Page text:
The Shanghai-built Tesla Model 3, which starts at 355,800 yuan (US$50,398) and is set to be available for large-scale delivery in the first quarter of 2020, is being touted as the car that will reshape China’s new energy car market, a report by Beijing Daily reported.

But will it? Since the government cut car subsidies, the market has plunged.

“China is by far the largest market for mid-sized premium sedans,” Tesla said in its quarterly financial statement recently, adding, “with Model 3 priced on par with gasoline powered mid-sized sedans, we believe China could become the biggest market for Model 3.”

According to Tesla’s third-quarter earnings report, it produced 96,155 electric vehicles during the period, and delivered a record-high 97,000 units.

On the other hand, China’s new energy vehicles sector has seen plunge of sales for four consecutive months since the government cut subsidies in June, according to data from the China Association of Automobile Manufacturers.

Total production and sales of new energy cars in October reached 95,000 units and 75,000 units respectively, down 35.4%and 45.6%, year-on-year, CAAM data showed.

In the past four months, sales of new energy vehicles remained between 70,000 to 80,000 units, meaning extra sales have to surpass 300,000 units by the end of this year if the NEV market wants to meet last year’s overall sales record, Beijing Daily reported.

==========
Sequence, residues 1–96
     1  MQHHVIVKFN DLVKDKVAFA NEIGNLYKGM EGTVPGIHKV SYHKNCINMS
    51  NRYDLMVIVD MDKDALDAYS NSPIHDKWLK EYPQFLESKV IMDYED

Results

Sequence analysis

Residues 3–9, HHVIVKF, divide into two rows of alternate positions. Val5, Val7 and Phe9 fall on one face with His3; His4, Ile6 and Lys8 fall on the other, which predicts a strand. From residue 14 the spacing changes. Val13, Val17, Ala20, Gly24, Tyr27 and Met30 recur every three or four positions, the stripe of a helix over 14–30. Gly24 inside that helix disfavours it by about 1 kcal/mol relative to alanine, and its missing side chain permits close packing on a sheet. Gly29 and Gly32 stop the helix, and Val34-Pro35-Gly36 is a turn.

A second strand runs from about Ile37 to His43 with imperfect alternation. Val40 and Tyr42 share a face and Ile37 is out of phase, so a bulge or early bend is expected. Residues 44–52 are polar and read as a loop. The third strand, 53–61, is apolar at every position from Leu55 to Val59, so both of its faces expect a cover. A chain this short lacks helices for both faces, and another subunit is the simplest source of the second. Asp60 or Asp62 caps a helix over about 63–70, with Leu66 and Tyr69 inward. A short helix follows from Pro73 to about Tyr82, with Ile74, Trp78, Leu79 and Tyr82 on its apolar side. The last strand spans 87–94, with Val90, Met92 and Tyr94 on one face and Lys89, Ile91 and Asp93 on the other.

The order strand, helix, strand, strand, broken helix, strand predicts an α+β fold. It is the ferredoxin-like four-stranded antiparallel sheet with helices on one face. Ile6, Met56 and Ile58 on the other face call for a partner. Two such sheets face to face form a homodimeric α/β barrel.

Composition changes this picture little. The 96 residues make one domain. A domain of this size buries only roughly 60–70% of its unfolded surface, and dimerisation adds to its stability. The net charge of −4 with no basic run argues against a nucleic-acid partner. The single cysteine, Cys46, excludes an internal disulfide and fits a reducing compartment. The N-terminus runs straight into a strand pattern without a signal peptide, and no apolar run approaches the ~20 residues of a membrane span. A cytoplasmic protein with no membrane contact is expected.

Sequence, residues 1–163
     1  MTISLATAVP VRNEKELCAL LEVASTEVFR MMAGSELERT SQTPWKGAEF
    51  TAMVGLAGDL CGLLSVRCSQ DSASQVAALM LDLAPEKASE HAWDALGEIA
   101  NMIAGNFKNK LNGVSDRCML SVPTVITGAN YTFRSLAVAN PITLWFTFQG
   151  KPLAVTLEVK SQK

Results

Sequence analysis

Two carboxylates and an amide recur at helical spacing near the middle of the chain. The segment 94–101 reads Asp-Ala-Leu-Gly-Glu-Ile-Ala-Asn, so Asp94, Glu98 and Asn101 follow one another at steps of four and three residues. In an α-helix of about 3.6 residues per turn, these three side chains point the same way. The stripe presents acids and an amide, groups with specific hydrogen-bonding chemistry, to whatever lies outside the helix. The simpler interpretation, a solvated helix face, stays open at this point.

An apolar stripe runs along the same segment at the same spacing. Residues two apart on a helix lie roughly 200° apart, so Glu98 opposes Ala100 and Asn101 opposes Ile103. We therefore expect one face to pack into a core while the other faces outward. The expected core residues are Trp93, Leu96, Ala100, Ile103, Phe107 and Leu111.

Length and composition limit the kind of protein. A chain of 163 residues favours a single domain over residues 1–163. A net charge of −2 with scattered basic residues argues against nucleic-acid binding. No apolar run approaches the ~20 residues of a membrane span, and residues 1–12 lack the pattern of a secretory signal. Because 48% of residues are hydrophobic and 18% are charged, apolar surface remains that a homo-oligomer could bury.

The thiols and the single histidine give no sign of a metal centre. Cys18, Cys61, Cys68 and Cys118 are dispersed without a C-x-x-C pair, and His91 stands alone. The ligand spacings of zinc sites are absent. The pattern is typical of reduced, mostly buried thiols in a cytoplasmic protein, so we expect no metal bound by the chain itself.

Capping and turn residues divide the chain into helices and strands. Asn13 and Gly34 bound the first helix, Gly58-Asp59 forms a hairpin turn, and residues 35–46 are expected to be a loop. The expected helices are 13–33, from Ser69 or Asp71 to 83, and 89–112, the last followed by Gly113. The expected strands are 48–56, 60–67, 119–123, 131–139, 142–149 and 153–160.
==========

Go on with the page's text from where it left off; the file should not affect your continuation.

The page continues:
The picture also looks gloomy for domestic NEV companies. In October, Chinese car maker BYD sold 12,600 new energy vehicles, down 55% year-on-year, of which pure electric passenger car sales fell 41.5% to 7,588 units. For BJEV, sales in October registered at 8,601 units, a plummet of 69.2% year-on-year.

Even so, Tesla, which relied on imports to China before its Shanghai plant, was not affected much by the subsidy cuts, the newspaper reported.

Its new Shanghai Gigafactory was completed in just 10 months, and is now ready for production, which can help reduce costs by approximately 65% compared with the Model 3 production line in the US. It can also contribute a higher gross margin for the Model 3, according to the company’s CEO Elon Musk.

A higher-than-expected pricing of the Shanghai-built Model 3 will also win Tesla initiative in market competition after China’s NEV subsidy policies are reshaped next year, analysts said in the report.

According to CNBC, the factory is expected to reduce labor costs to as low as one-tenth what the electric car manufacturer currently pays in wages at its California factory, which Tesla says employs more than 10,000 workers.

With such a reduction in costs, Tesla could sell its vehicles at a profit margin in the low- to mid-30% range, comparable to that of luxury auto manufacturer Porsche, according to research from Morgan Stanley.

“While most investors we speak with expect China to be a success for Tesla from a demand point of view, we have found that the part of the story that is still, in our opinion, widely under-appreciated is just how profitable Tesla cars in China could be in a localized, mass scale, lower cost structure environment,” Morgan Stanley analysts wrote.

Meanwhile, Musk has also chosen Berlin as Tesla’s next gigafactory outside the US where the company is planning to invest 4 billion euros (US$4.4 billion) and produce 150,000 cars a year, The Pioneer reported.

The Berlin unit will manufacture SUV Model Y, which could go into production by 2021. The unit could initially employ 3,000 people, but could rise to 7,000.

“Everyone knows that German engineering is outstanding and that’s part of the reason we’re locating our gigafactory Europe in Germany,” Musk said last week.

Additionally, Musk recently announced that he would unveil the Tesla electric pickup truck dubbed the “Cybertruck” on Nov. 21 at an event in Los Angeles.